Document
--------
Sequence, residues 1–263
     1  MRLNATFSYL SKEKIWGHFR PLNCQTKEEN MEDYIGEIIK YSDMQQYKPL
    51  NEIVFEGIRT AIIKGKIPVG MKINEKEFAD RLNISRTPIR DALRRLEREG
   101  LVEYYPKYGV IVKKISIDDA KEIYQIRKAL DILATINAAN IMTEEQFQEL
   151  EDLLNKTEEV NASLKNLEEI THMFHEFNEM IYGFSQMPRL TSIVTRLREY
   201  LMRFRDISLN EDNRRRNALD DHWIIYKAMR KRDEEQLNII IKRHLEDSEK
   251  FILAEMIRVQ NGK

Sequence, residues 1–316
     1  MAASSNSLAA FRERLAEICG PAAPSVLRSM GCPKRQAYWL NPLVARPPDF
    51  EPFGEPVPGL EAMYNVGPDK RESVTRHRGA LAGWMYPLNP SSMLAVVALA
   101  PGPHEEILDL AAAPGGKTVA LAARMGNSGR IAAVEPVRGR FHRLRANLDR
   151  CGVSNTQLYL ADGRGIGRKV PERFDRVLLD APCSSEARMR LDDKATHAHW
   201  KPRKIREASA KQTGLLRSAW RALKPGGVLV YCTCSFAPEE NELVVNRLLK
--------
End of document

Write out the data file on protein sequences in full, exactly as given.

Sequence, residues 1–263
     1  MRLNATFSYL SKEKIWGHFR PLNCQTKEEN MEDYIGEIIK YSDMQQYKPL
    51  NEIVFEGIRT AIIKGKIPVG MKINEKEFAD RLNISRTPIR DALRRLEREG
   101  LVEYYPKYGV IVKKISIDDA KEIYQIRKAL DILATINAAN IMTEEQFQEL
   151  EDLLNKTEEV NASLKNLEEI THMFHEFNEM IYGFSQMPRL TSIVTRLREY
   201  LMRFRDISLN EDNRRRNALD DHWIIYKAMR KRDEEQLNII IKRHLEDSEK
   251  FILAEMIRVQ NGK

Sequence, residues 1–316
     1  MAASSNSLAA FRERLAEICG PAAPSVLRSM GCPKRQAYWL NPLVARPPDF
    51  EPFGEPVPGL EAMYNVGPDK RESVTRHRGA LAGWMYPLNP SSMLAVVALA
   101  PGPHEEILDL AAAPGGKTVA LAARMGNSGR IAAVEPVRGR FHRLRANLDR
   151  CGVSNTQLYL ADGRGIGRKV PERFDRVLLD APCSSEARMR LDDKATHAHW
   201  KPRKIREASA KQTGLLRSAW RALKPGGVLV YCTCSFAPEE NELVVNRLLK